Much of the 1970s in the UK was that way inflected but 1973 seemed to be a particular high/low point: something I had semi-consciously felt but which was confirmed when I recently read Francis Wheen’s Strange Days Indeed, a book about the paranoia and peculiar political and social behaviour which was afoot and even became commonplace during the 1970s, with the book portraying the year The Changes was made as something of a watershed for such things.
Possibly also The Changes could be seen as a reflection of some of societies fears of social breakdown at that time and the threats represented by a reliance on modern technology which needed modern fuel, which was at that time under threat due to a crisis in oil supplies… a wish for a escape from such worries could also be one reason for the aforementioned increase of interest in culture which reflected rural idylls and folklore/folk music at this time
It’s not as inherently strange as a program as say The Owl Service or possibly The Children Of The Stones but still quite odd and worth a watch as it’s an interesting document from a particular time in British history. Also programs like this, the aforementioned Sky, The Owl Service etc have somehow gained layers of otherlyness with the passing of time and they now seem almost like occult (in the sense of hidden) artefacts and transmissions from some other stranger fictional Britain.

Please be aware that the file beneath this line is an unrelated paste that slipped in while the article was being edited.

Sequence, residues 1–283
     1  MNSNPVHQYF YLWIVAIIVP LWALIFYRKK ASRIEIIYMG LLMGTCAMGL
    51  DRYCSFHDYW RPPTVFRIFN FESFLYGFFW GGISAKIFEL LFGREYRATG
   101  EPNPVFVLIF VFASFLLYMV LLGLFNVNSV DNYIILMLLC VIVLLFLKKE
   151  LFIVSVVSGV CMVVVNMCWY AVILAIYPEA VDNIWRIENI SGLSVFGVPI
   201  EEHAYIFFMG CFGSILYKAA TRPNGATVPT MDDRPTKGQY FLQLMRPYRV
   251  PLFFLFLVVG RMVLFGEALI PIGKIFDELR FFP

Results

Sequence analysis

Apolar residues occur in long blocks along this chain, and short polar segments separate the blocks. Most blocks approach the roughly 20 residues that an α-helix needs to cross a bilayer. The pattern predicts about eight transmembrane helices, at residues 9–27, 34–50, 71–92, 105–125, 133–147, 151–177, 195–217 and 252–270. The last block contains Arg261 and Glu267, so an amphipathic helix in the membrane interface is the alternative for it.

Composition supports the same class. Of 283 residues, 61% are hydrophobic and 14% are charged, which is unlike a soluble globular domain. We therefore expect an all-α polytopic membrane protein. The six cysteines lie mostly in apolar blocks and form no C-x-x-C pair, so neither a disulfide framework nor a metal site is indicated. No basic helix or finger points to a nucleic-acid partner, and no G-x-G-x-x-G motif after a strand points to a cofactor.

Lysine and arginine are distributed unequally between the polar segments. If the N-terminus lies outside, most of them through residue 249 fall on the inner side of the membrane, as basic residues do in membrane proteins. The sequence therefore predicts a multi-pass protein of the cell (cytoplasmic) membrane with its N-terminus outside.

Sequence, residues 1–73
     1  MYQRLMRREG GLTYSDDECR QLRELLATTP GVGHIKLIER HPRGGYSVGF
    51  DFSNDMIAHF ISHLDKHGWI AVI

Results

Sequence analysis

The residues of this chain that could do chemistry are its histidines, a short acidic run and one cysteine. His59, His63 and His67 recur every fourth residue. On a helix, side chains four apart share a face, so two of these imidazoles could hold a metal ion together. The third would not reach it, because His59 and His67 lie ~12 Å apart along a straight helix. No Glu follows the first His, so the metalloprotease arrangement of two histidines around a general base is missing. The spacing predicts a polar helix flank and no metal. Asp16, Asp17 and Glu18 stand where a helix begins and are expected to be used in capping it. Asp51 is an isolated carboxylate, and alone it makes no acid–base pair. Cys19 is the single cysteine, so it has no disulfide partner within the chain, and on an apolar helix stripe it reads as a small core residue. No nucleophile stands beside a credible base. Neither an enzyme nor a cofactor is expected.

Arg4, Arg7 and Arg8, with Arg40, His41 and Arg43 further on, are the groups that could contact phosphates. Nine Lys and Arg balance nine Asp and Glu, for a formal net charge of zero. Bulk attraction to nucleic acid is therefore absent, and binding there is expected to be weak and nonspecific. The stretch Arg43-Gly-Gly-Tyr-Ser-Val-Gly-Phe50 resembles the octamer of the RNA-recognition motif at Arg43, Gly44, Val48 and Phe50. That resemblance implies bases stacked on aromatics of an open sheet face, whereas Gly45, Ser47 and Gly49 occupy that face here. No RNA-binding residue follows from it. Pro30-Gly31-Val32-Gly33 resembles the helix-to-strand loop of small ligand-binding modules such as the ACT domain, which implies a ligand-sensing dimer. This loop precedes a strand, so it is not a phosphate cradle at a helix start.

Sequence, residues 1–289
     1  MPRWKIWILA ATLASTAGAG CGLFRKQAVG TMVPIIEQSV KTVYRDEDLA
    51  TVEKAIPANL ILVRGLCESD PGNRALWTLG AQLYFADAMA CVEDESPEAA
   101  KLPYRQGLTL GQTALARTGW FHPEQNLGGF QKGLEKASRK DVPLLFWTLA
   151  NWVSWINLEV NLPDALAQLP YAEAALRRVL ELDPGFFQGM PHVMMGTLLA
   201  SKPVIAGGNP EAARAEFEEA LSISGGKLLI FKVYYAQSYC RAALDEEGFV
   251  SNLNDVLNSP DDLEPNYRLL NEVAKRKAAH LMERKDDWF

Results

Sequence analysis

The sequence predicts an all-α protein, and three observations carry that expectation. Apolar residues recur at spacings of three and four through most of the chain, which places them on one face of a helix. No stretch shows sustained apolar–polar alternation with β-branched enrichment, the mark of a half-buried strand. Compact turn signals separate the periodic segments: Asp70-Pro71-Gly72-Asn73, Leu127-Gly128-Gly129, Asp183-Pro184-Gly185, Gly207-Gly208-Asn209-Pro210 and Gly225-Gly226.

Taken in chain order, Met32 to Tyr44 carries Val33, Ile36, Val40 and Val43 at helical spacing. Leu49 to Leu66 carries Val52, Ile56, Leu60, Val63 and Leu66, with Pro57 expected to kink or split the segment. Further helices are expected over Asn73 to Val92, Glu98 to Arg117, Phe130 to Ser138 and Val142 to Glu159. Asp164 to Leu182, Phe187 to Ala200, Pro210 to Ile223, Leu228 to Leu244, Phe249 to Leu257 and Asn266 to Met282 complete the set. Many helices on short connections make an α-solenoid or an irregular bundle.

That is possibly in part added to by the colours and nature of the images themselves; in particular with something like The Change which has never been commercially available to rent/buy and the only way of viewing it are in smudgey grey-green ghosts of the original broadcasts (again, something James Cargill also talks about, which can be read in an earlier post in A Year In The Country here).
If you should wish to investigate The Changes further, there is an extensive amount of writing and background on the program, including the author of the sites correspondence with the BBC about possibly releasing the series commercially: www.bilderberg.org/changes.htm
The BBC’s Cult TV page on The Changes.
As a final note, I came across an interesting article from The Hauntological Society on the film Threads, the sense of dread it engendered and the way such fears have been reflected by elements of what has become known as hauntological culture: it can be read here.